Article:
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Human resource management mondy 13th edition chapter 04

Human Resource Management
13th Edition
Chapter 4
Job Analysis,
Strategic Planning, &
Human Resource Planning

Copyright © [2014] Pearson Education

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Learning Objectives
• Describe the importance of disaster planning, explain
why job analysis is a basic human resource tool, and
give the reasons for conducting job analysis.
• Describe the types of information required for job
analysis and describe the various job analysis methods.
• Identify who conducts job analysis and describe the
components of a job description.
• Explain Standard Occupational Classification (SOC),

O*NET, job analysis for team members, and describe
how job analysis helps satisfy various legal
requirements.
Copyright © [2014] Pearson Education

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Learning Objectives (Cont.)
• Describe the need for the human resource manager to be a
strategic partner, explain the strategic planning process, and
describe the human resource planning process.
• Describe forecasting human resource requirements and
availability and how databases can assist in matching
internal employees to positions.
• Identify what a firm can do when either a shortage or a
surplus of workers exists and explain strategic succession
planning in today’s environment.
• Describe manager and employee self-service and explain
some job design concepts.
• Describe the importance of global talent management.
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HRM in Action: Disaster Planning
•Should focus on possible catastrophes and
also smaller events such as a building fire,
water leak, or computer crash
•Despite the type of disaster, the result is
usually the same
•Customers want assurance that the
business can continue operation after a
disaster
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Job Analysis
Systematic process of determining:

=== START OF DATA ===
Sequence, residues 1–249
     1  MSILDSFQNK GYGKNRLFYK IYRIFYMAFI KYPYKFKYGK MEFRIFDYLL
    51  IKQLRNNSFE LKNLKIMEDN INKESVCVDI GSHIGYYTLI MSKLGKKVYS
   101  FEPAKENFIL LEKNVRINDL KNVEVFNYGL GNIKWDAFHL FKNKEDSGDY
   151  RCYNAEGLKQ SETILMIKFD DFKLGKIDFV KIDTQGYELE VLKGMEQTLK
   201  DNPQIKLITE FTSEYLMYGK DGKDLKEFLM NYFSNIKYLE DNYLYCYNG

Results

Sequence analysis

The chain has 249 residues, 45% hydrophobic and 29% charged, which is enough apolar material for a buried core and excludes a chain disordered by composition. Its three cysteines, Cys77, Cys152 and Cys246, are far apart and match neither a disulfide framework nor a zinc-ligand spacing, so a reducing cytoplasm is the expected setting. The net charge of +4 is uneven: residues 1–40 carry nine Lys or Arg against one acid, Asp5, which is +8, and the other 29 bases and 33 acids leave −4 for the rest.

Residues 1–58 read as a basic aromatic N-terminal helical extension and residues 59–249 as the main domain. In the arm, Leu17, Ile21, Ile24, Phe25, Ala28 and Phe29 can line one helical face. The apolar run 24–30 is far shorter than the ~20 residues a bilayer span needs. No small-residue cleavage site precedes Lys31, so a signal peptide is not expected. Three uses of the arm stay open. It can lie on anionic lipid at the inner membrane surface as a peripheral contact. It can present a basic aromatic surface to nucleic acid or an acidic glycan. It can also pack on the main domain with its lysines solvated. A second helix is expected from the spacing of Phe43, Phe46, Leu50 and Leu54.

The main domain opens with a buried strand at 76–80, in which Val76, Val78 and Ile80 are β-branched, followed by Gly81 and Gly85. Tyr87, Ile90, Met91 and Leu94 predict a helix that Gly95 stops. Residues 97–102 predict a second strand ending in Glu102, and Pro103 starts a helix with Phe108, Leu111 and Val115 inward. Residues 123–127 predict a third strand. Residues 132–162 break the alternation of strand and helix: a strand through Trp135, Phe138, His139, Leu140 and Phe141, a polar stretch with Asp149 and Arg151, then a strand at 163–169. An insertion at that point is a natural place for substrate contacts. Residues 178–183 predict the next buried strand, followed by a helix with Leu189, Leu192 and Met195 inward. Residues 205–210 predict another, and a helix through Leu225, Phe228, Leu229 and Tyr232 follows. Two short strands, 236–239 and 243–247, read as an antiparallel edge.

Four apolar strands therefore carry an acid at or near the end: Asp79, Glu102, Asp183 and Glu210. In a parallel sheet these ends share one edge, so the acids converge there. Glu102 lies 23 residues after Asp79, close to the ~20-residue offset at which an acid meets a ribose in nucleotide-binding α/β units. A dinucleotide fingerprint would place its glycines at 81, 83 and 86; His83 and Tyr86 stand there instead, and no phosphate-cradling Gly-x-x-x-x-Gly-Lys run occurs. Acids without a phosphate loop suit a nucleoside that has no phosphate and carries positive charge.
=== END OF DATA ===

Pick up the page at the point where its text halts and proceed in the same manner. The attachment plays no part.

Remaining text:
– Skills
– Duties
– Knowledge
required for performing
jobs in an organization
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Job
• Consists of group of tasks that must be
performed for organization to achieve its
goals
• May require the services of one person,
such as the president
• May require the services of 75 people,
such as machine operators in a large firm

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Position
• Collection of tasks and
responsibilities performed by one
person
• There is a position for every
individual in an organization

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Job Analysis Should Answer
• What physical and mental tasks does the
worker accomplish?
• When is the job to be completed?
• Where is the job to be accomplished?
• How does the worker do the job?
• Why is the job done?
• What qualifications are needed to perform
the job?
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When Job Analysis Is Performed
• When the organization is founded and
a job analysis program is initiated
• When new jobs are created
• When existing jobs are changed
significantly

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Job Analysis: A Basic Human Resource
Management Tool
Tasks

Responsibilities

Duties

 Staffing
 Training and
Development
 Performance Appraisal
 Compensation

Job
Descriptions
Job
Analysis

Knowledge

 Safety and Health
 Employee and Labor
Relations

Job
Specifications

Skills

 Legal Considerations

Abilities
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Job Description/Job Specification
• Job Description: Provides
information regarding the
essential tasks, duties, and
responsibilities of the job
• Job Specification: minimum